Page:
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Bryan has written 485 reviews for films rated ★★★ .

  • If You Could Only Cook

    If You Could Only Cook


    A rich auto executive poses as a butler and husband to Jean Arthur so she can get work. A short but entertaining depression era comedy that complicates the plot nicely but could use more style to make a true screwball classic.

  • Frankenweenie



    All the raw materials for Tim Burton's future films are nicely encapsulated here. Unfortunately this stuff is all too familiar coming this late in his career, so it's mildly interesting rather than compelling - clearly aimed at kids. While his original short may have been foretelling, today's Tim Burton is trapped by his own quirky style.

  • Daisies



    Two teenage girls revel in hedonistic pleasure and brag about how spoiled they are in pre-Communist Czechoslovakia. It's like The Monkees meets Laverne and Shirley except it's not funny and doesn't have a story. A hodge-podge collage of cinematic playfulness, veiled metaphors, and teen rebellion that doesn't make a lot of sense but is more fun to watch than most east-European cinema.

  • Layer Cake

    Layer Cake


    Heavy accents, gangster slang, and a ridiculously convoluted plot make watching Layer Cake a chore. Subtitles are a necessity. It tries too hard to be a Guy Ritchie film, and although it's never quite clever, funny, or stylish enough to compare with Snatch, it's still a fairly entertaining British crime movie. The main reason to see it is watch a lithe Daniel Craig step into the role of leading man. It's also ridiculous that the first time we see Tom Hardy he's wearing a mask.

  • Blow Out

    Blow Out


    A mess of a movie that has some really fun ideas mixed with horrible execution, and it's ruined by an awful climax. Travolta is surprisingly solid, but Nancy Allen's blonde bimbo is painfully forced, and John Lithgow doesn't get enough screen time. This might be might be DePalma's least successful attempt at Hitchcock, although the sequence of Travolta recording sounds in the park is visually delightful. What's surprising is how naive everyone is from today's perspective. It should be all about paranoia, as it was in the far superior The Conversation.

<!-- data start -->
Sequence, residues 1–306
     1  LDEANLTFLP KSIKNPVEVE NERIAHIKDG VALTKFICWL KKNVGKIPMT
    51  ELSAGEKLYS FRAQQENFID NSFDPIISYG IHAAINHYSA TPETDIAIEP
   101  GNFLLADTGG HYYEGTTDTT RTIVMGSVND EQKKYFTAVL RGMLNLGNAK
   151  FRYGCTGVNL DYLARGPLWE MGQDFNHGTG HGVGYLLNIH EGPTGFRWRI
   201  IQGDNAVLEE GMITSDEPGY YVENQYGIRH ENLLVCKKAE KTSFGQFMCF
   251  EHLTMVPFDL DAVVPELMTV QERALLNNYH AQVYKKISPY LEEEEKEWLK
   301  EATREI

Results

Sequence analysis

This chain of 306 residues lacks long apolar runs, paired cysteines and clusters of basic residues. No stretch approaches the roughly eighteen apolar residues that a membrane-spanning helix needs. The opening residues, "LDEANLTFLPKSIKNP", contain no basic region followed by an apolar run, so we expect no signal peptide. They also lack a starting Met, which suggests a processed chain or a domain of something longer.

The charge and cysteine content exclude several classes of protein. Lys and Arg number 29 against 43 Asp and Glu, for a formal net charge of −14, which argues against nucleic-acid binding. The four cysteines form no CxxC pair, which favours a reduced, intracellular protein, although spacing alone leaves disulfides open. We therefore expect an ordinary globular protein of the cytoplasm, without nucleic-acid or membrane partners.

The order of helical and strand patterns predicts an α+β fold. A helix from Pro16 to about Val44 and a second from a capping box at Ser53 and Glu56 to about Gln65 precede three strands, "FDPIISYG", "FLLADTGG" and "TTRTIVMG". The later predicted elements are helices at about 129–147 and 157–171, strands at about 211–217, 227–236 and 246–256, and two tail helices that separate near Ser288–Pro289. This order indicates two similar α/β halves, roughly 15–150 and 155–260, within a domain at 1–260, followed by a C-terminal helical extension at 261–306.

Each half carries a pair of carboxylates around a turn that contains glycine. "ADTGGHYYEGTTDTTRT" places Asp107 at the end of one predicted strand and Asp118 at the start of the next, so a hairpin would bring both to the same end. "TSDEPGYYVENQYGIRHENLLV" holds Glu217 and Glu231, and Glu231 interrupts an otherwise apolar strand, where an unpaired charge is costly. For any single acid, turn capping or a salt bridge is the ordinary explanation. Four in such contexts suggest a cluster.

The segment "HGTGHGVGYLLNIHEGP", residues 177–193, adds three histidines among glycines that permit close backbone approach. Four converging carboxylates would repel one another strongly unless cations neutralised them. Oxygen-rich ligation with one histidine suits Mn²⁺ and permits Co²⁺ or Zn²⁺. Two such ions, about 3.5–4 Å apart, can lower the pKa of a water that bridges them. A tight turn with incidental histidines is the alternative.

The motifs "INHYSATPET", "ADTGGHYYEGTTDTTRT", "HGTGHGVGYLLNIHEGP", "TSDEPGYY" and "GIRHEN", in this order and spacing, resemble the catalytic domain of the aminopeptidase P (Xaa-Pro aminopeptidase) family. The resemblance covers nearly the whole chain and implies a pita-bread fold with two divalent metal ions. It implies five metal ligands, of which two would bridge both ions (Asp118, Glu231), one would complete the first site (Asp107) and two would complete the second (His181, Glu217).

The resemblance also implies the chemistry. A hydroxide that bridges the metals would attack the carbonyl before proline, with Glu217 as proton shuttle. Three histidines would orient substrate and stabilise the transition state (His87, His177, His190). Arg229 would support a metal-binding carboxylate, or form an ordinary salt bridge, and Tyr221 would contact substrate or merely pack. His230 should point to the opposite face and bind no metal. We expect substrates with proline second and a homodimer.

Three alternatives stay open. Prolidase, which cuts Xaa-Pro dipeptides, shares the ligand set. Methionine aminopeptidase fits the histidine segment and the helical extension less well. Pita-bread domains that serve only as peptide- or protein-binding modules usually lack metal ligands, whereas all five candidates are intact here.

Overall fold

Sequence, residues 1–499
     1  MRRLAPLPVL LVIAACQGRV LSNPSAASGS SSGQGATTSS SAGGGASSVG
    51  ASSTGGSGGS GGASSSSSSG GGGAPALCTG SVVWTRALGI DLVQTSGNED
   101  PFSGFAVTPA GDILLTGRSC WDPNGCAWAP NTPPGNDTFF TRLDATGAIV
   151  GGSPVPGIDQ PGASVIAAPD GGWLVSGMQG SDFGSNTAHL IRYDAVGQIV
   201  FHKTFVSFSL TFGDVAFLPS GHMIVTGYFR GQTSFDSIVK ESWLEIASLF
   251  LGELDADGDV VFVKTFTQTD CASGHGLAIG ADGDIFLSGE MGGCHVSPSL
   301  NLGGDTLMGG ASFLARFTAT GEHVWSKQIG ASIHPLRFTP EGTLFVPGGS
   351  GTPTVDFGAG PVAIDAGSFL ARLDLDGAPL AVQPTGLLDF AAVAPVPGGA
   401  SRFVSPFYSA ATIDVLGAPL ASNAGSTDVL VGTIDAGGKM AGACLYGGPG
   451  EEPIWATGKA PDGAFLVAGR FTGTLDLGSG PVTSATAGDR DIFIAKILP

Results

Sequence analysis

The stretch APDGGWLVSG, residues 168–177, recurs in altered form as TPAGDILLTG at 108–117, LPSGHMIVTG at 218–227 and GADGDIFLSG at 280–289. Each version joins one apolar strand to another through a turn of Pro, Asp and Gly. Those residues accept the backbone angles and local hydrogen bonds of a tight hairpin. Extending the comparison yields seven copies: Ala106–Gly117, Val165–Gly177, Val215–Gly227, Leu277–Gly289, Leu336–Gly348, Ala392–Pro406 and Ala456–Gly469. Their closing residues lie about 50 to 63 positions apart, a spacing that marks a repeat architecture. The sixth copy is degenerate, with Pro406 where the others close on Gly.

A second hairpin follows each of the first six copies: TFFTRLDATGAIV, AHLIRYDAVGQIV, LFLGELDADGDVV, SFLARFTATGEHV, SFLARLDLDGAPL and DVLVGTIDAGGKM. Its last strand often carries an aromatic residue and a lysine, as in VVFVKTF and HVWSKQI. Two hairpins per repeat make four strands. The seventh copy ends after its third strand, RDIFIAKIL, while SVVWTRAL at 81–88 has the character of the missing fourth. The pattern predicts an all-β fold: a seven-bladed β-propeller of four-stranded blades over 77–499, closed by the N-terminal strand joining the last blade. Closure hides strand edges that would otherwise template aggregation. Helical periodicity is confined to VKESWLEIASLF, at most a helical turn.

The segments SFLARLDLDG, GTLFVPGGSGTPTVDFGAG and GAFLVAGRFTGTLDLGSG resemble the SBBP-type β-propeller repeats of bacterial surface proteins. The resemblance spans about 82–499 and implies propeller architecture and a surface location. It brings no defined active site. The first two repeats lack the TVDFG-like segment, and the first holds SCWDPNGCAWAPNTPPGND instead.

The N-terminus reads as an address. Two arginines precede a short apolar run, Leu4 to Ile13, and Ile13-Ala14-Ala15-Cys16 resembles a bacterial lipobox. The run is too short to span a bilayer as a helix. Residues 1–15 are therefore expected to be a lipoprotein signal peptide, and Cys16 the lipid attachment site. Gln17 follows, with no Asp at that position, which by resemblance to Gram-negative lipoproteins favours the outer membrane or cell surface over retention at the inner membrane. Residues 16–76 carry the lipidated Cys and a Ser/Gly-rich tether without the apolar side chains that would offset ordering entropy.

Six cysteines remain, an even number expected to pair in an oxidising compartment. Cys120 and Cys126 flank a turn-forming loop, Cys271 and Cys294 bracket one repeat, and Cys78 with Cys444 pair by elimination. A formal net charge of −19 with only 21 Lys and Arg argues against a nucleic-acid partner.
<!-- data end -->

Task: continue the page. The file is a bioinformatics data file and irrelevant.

• Cavalcade



    The best picture winner of 1933 is Noel Coward's flag waving history of England from the Boer War to WWI as experienced by a single family. It's a concept which Noel Coward repeated ten years later in much more nuanced This Happy Breed, where two world wars serve as more fitting bookends.

  • The Broadway Melody

    The Broadway Melody


    Once cinemas were wired for sound, musicals reigned. There were dozens of musicals released in 1929 alone, and I suspect most of them were just like this - the story of a dame moving to New York to make it big on Broadway. I don't know why this got best picture because it's not especially remarkable (the formula would be repeated for decades), but it does have a carefree, youthful sexual energy to it. There are two "sisters" who are…

  • Destination: Planet Negro!

    Destination: Planet Negro!


    A great idea for a movie but I'm not sure Kevin Willmott knows what he wants to say with it. The early black and white scenes look fantastic for this no budget film (he said it cost $7,000) and the humor is spot on. Once we reach modern day, however, it suddenly looks like its budget and the jokes become hit and miss. Even overlooking the fact that the film was obviously pieced together, the social commentary isn't as sharp…

  • Doomsday Book

    Doomsday Book


    This fun trilogy of Korean sci-fi tales offers a zombie story, a robot story, and an end of the world story. It's an entertaining mix of humor, horror, and contemplation, although the third short didn't really work for me, and the first two could have easily been whole films by themselves.

  • Lady Snowblood

    Lady Snowblood


    An interesting revenge tale that's notable for its stylistic storytelling flourishes, blood that sprays like a busted sink, and its heavy influence on Kill Bill. I can't say the substance matches the cartoonish spectacle (which I can also say about Kill Bill), but it's a few steps above a lot of 70s Asian action movies.

  • The Celebration

    The Celebration


    This was the first Dogma film, and I'm no fan of Dogma. Arbitrary rules for filmmaking is not how you make great movies. The rules need to come from the stories you're trying to tell. Plus, the Dogma rules seem to have little to do with telling great stories, and a lot more to do with making movies fast and cheap, and in the burgeoning digital age was probably why it sort of caught on. We're certainly plagued with drunkenly…

  • The Theory of Everything

    The Theory of Everything


    A standard biopic that might remind you of My Left Foot, but it doesn't have nearly the character depth of Jim Sheridan's debut film. Stephen Hawking's life is unfortunate (an understatement?), but he approaches his disability with courage and humor, and his life is more inspiring than what this film can offer.

    The story takes shortcuts that leaves it feeling thin and incomplete - the thematic conflict of Hawking's atheism never comes to a head, Hawking's three children reach their…